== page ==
There is no magic box for finding information, only digging and correlation. An IOC given without any additional information is like finding the right location of a screw when building something, without the manual. For example, public IPs belong to providers and are usually shared. A single IP, without context, will not be a good IOC. Lacking context such as related URLs, a time period, or a protocol, the digging ends here and you can just as well discard it.
As previously said, context is paramount in threat intelligence. Security teams response will change drastically whether an IOC corresponds to a C2 server or to a single bot. Another information often missing or disregarded when considering IPs IOC is their origin and direction of communication. An alert raised by your SIEM regarding external IPs linked to brute force attacks should definitely be treated with a lesser priority than another alert indicating a connection from your internal network towards an IP linked to a C2 server.
A good threat intelligence program needs as much information as possible for classifying IOCs. Information that comes from the feed itself, correlated with data you already possess. In our company, we use these enriched IOCs for creating dedicated detection rules, which limit false positive rating.
Now you know what TI is about, and you are ready to collect your first feeds. How will you use them to create detection rules, and when? Why not just adding a blacklist and define a few detections rules in your security assets and call it a day?
Ideally, you would be right. Unfortunately, if feeds are great resources, most of the time they cannot be used as is. You need at least to validate each entry, especially network ones, to avoid problems. If you are lucky, your devices will just ignore any wrong entry, but in the worst case scenario, you might block your own assets, or for more complex IOCs, your devices might even crash.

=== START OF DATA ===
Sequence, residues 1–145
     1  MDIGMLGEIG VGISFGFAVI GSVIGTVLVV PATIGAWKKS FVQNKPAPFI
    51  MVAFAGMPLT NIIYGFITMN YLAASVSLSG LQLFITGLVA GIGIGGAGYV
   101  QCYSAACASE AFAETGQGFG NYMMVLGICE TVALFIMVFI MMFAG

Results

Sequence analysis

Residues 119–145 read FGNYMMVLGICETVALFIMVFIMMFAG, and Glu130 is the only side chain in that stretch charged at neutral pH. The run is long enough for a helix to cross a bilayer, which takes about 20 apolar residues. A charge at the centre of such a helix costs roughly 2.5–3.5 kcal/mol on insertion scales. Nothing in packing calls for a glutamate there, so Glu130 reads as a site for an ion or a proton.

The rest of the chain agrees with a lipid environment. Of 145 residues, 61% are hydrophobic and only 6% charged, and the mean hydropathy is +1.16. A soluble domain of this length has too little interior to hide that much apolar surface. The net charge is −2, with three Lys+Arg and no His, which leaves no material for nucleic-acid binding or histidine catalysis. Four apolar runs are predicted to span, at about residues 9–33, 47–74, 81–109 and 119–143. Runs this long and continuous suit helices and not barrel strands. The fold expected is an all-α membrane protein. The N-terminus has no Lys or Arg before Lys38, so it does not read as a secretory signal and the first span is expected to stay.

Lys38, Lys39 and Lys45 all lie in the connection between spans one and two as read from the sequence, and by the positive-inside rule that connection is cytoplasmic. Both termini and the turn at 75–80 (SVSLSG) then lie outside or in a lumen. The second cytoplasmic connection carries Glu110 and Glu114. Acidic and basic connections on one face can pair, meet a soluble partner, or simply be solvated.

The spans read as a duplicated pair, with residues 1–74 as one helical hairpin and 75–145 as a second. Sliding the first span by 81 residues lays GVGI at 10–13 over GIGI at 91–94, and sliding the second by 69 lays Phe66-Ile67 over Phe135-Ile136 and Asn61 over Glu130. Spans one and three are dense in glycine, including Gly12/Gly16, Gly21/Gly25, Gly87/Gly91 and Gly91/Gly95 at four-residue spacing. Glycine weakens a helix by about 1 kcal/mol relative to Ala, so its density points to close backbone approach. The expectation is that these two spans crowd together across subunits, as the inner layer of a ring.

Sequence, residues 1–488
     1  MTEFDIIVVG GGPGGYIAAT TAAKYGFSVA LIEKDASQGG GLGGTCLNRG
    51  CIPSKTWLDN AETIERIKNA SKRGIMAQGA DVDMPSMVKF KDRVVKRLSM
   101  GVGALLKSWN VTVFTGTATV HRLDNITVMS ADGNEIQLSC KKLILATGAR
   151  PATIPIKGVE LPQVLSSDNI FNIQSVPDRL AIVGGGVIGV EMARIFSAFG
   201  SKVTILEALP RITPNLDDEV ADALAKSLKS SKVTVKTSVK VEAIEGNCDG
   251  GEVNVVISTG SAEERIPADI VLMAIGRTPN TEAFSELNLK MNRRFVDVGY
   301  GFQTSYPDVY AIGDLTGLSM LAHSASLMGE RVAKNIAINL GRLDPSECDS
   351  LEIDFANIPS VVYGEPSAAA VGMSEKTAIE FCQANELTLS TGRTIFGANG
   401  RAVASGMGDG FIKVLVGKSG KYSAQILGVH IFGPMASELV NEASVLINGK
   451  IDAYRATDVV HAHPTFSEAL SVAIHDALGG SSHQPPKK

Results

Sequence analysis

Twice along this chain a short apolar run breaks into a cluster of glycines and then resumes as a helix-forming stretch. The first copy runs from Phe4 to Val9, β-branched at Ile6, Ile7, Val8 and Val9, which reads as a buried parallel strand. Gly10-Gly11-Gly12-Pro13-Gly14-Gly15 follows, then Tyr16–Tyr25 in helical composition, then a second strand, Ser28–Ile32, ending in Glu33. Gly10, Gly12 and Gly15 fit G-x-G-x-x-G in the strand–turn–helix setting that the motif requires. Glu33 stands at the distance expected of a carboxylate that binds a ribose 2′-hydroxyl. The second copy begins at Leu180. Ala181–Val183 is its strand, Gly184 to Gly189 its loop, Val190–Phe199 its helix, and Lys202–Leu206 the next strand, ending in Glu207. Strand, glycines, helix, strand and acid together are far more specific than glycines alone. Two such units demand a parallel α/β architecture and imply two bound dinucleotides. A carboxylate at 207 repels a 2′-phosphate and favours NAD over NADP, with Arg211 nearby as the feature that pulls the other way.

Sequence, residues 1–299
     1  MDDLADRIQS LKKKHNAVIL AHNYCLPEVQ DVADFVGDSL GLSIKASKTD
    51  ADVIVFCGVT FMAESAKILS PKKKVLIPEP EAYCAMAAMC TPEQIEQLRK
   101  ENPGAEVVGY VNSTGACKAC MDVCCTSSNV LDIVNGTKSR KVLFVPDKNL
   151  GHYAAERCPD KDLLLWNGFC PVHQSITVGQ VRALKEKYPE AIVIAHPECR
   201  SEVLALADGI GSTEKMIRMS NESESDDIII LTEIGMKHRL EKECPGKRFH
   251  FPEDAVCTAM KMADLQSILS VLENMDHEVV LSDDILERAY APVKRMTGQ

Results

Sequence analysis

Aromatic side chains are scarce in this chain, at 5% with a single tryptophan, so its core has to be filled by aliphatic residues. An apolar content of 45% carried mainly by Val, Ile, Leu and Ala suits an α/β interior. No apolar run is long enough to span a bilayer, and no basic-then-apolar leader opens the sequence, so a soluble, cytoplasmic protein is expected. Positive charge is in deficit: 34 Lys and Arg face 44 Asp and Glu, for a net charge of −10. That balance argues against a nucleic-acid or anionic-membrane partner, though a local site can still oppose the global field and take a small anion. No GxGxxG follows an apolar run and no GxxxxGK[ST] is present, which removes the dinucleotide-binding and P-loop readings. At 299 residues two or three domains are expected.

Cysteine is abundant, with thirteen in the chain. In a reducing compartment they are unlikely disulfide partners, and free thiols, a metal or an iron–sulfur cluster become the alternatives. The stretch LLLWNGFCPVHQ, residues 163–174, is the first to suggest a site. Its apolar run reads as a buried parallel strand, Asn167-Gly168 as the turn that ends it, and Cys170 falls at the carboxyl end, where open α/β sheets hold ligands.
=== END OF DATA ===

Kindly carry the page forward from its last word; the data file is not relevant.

Feeds are most of the time information coming from different sources: sandbox, abuse websites, automated processes or manual information. TI programs usually mean the creation of a dedicated database for gathering IOC. You should also enrich it using various information coming from public resources or restricted resources related to your business (example: SWIFT for banking). You can do it using scripts or dedicated tools like IntelMQ. For those who are familiar with the Business Intelligence field, Threat Intelligence is a sibling; you can use BI tools like ETL indifferently.
Anyway, feeds are like the input from any other “application”, and should be considered as such: Verification and cleaning is a must do!
Let’s consider another example: phishing feeds. Frequently, what you get is what users reported on the website. You can find various encoding like Cyrillic, Punycode, in all flavors of UTF or other code pages, e.g.
Are you sure all your security assets can deal with such an URL?
Another issue related to phishing is links. Most of the time they contain a parameter with the email of the impacted users:
How many chances for this exact IoC to match in your environment? Yes, as you probably guess, absolutely none.
Finally, there is the human factor: mistake or intentional modification. For example, it is not uncommon to find this kind of URLs:
In the first case, the false positive rate will simply be astronomical if used in a detection rule using the “contains” operator. In the second case, you have almost no chance to detect this if you search the exact content. If you use regex match, this example works. Remember to use an input validation on each field you plan to use, and adapt the content depending of detection match (exact content or regex).
TI is still young and like any other fields, there is no one way to build your own program. Gather as much information as you can, do not forget limitation due to regulation if you deal with private information. Keep in mind how you plan to use data, it will help to determine what you keep and how.
When your TI program start growing, share your indicators, so that other security actors can benefit it and enrich it in turns. For this purpose, you can use one of the dedicated format (STIX, OpenIOC, CybOX) or even a dedicated platform like the famous M.I.S.P. (Malware Information Sharing Platform).
TI is a time-consuming field, but fully qualified IOC are efficient, accurate and important to the community. This is a virtuous circle, which is necessary to fight the threat actors.